Bulgarian court acquits former Kremikovtzi executive on embezzlement charges

Sofia City Court ruled in February 17 to acquit Alexander Tomov and three co-defendants on charges of embezzling 36 million leva (about 18.3 million euro) from Kremikovtzi steel mill and CSKA Sofia football club. A day earlier, prosecutors asked for a prison sentence of 10 years, the minimum under Bulgarian law for large-scale embezzlement offences.

Tomov and three other people – former Finmetals director Bozhko Bonev, former CSKA chief executive Alexander Garibov and former Kremikovtzi board director Ivan Ivanov – were accused of embezzling 29 million leva from Kremikovtzi and 3.5 million euro from CSKA Sofia.

They were accused of illegally appropriating Kremikovtzi plant property and real estate – a dumping ground for toxic and industrial materials and a dormitory, as well as stealing machinery and other equipment from the steel plant – to finance the acquisition of the football club.

Tomov was chief executive of Kremikovtzi and CSKA Sofia in 2005/09, when both were owned by Indian steel magnate Pramod Mittal. CSKA has since been sold twice (with Tomov acquiring the majority stake through a Luxembourg-based investment vehicle in 2013) and Kremikovtzi went bankrupt.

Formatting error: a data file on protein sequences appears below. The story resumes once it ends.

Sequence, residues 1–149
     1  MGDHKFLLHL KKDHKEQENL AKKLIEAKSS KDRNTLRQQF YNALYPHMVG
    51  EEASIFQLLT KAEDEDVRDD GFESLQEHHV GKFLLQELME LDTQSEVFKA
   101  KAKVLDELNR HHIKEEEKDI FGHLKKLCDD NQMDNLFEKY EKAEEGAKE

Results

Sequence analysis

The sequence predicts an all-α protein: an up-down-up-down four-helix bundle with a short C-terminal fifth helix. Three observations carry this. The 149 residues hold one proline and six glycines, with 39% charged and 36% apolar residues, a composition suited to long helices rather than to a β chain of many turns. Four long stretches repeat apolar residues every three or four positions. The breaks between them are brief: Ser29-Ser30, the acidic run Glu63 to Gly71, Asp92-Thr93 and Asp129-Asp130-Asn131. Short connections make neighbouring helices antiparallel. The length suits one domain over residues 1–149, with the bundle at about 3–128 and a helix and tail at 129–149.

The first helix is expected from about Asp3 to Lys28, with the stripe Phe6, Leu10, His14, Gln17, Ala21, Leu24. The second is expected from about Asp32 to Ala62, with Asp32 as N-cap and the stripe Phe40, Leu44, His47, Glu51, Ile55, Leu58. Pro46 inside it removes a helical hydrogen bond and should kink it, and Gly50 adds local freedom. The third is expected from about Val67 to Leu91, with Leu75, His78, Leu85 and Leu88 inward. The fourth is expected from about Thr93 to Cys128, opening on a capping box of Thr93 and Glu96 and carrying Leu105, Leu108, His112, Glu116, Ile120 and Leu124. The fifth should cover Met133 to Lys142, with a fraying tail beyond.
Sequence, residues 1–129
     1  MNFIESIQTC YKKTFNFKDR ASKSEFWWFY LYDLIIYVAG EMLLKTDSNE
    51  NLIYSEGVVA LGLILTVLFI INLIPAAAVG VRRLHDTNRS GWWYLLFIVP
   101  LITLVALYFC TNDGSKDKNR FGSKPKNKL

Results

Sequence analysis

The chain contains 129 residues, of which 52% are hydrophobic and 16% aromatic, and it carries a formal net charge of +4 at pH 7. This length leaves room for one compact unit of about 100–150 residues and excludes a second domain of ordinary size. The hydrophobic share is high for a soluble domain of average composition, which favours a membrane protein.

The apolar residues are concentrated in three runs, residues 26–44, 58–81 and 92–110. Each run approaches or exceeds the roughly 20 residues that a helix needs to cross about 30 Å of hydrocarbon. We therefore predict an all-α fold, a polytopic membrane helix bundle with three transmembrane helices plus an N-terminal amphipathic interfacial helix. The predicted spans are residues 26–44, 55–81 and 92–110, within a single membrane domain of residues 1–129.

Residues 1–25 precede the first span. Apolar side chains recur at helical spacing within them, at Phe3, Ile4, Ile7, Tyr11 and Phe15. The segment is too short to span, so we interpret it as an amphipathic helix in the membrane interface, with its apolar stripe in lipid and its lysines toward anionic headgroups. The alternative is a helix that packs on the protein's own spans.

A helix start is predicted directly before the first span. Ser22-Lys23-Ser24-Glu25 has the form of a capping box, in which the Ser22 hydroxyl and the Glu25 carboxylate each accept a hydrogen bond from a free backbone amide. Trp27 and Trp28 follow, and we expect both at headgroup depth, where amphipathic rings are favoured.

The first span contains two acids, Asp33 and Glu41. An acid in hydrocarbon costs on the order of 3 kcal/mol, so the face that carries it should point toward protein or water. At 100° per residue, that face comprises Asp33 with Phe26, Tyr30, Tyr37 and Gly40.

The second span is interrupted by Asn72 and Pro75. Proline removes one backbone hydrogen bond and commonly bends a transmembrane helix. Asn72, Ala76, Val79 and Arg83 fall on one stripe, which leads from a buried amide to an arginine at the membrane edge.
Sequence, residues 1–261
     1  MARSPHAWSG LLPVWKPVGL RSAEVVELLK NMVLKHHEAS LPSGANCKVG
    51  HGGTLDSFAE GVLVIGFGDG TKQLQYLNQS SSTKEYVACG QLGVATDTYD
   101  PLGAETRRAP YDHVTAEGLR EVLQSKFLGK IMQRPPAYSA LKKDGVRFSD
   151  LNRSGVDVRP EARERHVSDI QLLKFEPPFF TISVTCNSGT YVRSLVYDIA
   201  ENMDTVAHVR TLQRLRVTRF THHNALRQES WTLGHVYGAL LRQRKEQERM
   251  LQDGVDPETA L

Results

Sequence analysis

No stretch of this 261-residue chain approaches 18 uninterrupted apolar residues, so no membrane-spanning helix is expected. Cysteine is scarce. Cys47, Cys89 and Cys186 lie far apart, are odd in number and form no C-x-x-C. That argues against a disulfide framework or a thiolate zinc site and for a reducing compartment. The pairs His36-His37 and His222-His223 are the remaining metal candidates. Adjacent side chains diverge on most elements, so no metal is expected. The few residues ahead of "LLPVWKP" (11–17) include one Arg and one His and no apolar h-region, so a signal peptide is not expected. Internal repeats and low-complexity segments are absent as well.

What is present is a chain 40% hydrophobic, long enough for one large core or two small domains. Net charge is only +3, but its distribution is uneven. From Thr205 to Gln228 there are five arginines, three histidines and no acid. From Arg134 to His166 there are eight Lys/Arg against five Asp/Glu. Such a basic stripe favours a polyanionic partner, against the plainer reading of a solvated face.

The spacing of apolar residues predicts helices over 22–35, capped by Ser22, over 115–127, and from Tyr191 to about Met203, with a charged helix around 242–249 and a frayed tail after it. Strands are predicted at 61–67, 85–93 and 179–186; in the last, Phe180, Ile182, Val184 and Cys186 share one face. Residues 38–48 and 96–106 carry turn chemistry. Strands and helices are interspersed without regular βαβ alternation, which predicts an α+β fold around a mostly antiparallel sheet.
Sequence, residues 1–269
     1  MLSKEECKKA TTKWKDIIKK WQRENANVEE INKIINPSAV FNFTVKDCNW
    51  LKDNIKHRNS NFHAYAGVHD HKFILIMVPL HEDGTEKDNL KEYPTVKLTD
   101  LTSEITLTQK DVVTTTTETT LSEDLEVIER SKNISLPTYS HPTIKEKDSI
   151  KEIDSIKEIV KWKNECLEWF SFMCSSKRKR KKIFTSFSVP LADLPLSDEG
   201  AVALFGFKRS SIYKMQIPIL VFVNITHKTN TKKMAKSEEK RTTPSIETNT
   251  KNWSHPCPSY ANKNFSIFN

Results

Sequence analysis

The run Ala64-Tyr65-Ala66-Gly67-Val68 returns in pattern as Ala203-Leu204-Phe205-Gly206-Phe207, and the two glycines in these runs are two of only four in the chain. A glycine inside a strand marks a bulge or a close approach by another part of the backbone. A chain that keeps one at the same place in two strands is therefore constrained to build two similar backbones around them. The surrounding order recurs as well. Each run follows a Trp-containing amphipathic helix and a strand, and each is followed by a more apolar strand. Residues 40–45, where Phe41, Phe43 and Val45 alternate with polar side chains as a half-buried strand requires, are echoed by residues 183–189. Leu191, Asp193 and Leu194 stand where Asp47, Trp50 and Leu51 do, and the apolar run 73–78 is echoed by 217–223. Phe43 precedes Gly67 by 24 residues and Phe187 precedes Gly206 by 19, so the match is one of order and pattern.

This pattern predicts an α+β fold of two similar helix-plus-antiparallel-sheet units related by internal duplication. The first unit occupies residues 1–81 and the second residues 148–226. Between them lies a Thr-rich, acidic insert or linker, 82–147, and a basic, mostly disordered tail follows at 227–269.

The case against Tomov dates back to 2009 and he was previously sentenced, in January 2011, to nine years imprisonment, but the Sofia Court of Appeals later ordered a re-trial, finding that the presiding judge used “contradictory legal judgment for the same circumstances” in issuing the guilty verdict.

Tomov himself has always denied the embezzlement charges against him, insisting the case was politically-motivated and the end result of political pressure, as well as claiming that he and his co-defendants were being made scapegoats for the bankruptcy of Kremikovtzi – built in the 1960s, the plant was a flagship of Bulgaria’s industry during the communist era, but relied on imported ore and coal, which made it difficult for the plant to stay competitive on global markets and led to Kremikovtsi being declared insolvent in 2010.

(Justice Palace in Sofia. Photo: Klearchos Kapoutsis/flickr.com)



The Sofia Globe staff

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